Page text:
Q: In a recent column you said a new law passed about “emotional support animals,” which is supposed to cut down on bogus requests. When does this law take effect and what are the details? M.H.
A: Senate Bill 1084 did become law. It was signed by Governor DeSantis on June 23, 2020 and became effective on July 1, 2020.
The new law amended several provisions within Florida Statutes, including Sections 760.27 and 817.265. One of the most important amendments is found at Section 760.27(2)(b)(4), Florida Statutes, which addresses telehealth providers and services. Out-of-state telehealth providers are permitted to write letters for assistance animals, but only if the telehealth practitioner has provided “in-person care or services” to the requesting party on at least one occasion and has “personal knowledge” of the requesting party’s disability. Section 456.072(1)(pp), Florida Statues, was also added and imposes disciplinary actions for health professionals, including counselors and psychologists, when they provide information indicating that a person has a disability, or supporting a person’s need for an emotional support animal, without personal knowledge of the person’s disability or disability-related need for the specific emotional support animal. Section 817.265, Florida Statutes, makes it a second-degree misdemeanor to submit a fraudulent emotional support animal request, punishable by imprisonment for up to 60 days, fines and community service.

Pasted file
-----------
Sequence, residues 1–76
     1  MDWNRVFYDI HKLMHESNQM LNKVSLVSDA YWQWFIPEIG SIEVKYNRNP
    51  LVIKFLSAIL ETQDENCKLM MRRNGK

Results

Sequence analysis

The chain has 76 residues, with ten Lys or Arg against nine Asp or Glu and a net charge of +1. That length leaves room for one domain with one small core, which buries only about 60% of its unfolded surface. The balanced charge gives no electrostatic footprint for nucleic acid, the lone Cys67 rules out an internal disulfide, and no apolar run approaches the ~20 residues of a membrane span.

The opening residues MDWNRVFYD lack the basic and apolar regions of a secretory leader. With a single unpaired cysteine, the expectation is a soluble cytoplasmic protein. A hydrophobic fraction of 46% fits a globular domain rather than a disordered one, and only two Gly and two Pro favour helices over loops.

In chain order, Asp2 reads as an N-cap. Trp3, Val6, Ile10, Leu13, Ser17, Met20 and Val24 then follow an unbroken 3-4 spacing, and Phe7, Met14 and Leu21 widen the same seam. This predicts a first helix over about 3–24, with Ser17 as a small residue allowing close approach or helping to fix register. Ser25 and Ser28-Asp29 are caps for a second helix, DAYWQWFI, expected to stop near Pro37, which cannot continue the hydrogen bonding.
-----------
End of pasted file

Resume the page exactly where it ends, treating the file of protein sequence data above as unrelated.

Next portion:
For an expanded summary of the details of this bill please see my May 17, 2020 column. My previous columns can be accessed at www.beckerlawyers.com.
Q: I serve on a seven-member board of directors for a large condominium community all serving one-year terms. One of our board members recently resigned leaving us with six members. Our bylaws state that the board is to be made up of seven members. Our annual meeting and election are coming up in November. Do we have to appoint a replacement director now or can we simply continue with six directors until the annual meeting where all seven director spots will be up for election? T.T.
A: Most condominium documents give the remaining directors the authority to appoint a replacement director to fill the remaining term of the resigning director, as does the statute. However, many condominium documents also don’t mandate that vacant director positions be filled, while some do.
A similar issue was addressed in an arbitration case from 2011. The arbitrator concluded that normally, there is no legal requirement that a board appoint a new director to fill a vacant seat, with the exception of the situation where the number of vacancies prevents an association from obtaining a quorum.
Since your board will still have a quorum with only six directors, and since your annual meeting is only a few months away, there is a reasonable argument to assert that your board is not legally obligated to immediately fill the vacant director (assuming your condominium documents don’t contain language affirmatively requiring the board to fill vacant positions).
From a practical standpoint having an even number of directors can present problems since it could result in a deadlock. As a result, you may want to try to find a qualified replacement director this summer to avoid this outcome. It might also be an opportunity for someone who is thinking about running for a seat on the board to get a taste of what is involved.